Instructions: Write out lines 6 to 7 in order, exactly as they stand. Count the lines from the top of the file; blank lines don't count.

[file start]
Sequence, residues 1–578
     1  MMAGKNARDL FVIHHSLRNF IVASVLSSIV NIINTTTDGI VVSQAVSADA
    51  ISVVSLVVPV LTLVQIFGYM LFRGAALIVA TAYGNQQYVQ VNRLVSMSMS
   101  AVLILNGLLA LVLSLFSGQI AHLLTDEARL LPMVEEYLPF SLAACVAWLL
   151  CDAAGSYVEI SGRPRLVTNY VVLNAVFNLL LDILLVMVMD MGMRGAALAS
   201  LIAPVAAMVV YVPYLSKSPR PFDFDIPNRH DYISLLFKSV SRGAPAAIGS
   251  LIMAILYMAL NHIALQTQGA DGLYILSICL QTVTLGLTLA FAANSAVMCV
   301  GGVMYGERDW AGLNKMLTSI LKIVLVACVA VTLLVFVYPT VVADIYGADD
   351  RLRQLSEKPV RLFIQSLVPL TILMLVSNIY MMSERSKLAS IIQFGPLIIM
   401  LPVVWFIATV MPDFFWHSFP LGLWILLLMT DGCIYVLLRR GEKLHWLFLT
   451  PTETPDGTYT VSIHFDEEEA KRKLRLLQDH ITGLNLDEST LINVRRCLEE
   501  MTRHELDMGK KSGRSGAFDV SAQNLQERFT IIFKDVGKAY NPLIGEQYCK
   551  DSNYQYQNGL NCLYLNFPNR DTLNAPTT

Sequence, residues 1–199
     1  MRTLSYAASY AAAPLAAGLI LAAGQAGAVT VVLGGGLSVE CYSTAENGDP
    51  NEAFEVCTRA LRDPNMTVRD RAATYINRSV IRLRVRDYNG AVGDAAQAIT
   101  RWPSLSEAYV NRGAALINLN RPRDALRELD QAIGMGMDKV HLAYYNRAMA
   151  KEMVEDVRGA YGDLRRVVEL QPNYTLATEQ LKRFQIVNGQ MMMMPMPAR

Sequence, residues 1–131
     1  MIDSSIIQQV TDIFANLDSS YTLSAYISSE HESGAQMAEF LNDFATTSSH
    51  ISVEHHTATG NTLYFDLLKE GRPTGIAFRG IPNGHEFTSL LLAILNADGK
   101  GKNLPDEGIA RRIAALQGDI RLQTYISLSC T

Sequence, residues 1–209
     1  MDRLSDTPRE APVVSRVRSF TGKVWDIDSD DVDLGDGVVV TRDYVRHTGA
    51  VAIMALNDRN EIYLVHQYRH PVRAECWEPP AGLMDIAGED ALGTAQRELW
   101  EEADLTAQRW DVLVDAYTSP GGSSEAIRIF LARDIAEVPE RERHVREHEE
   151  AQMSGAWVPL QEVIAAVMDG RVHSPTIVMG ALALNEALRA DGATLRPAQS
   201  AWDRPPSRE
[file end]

   201  LIAPVAAMVV YVPYLSKSPR PFDFDIPNRH DYISLLFKSV SRGAPAAIGS
   251  LIMAILYMAL NHIALQTQGA DGLYILSICL QTVTLGLTLA FAANSAVMCV